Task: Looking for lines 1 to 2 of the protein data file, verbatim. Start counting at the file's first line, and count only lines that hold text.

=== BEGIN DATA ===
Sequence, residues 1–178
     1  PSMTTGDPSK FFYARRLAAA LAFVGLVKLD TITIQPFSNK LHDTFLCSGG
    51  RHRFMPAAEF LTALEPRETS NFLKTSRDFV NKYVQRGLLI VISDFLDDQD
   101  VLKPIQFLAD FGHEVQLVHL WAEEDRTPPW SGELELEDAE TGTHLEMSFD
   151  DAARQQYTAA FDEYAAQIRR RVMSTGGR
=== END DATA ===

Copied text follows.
Sequence, residues 1–178
     1  PSMTTGDPSK FFYARRLAAA LAFVGLVKLD TITIQPFSNK LHDTFLCSGG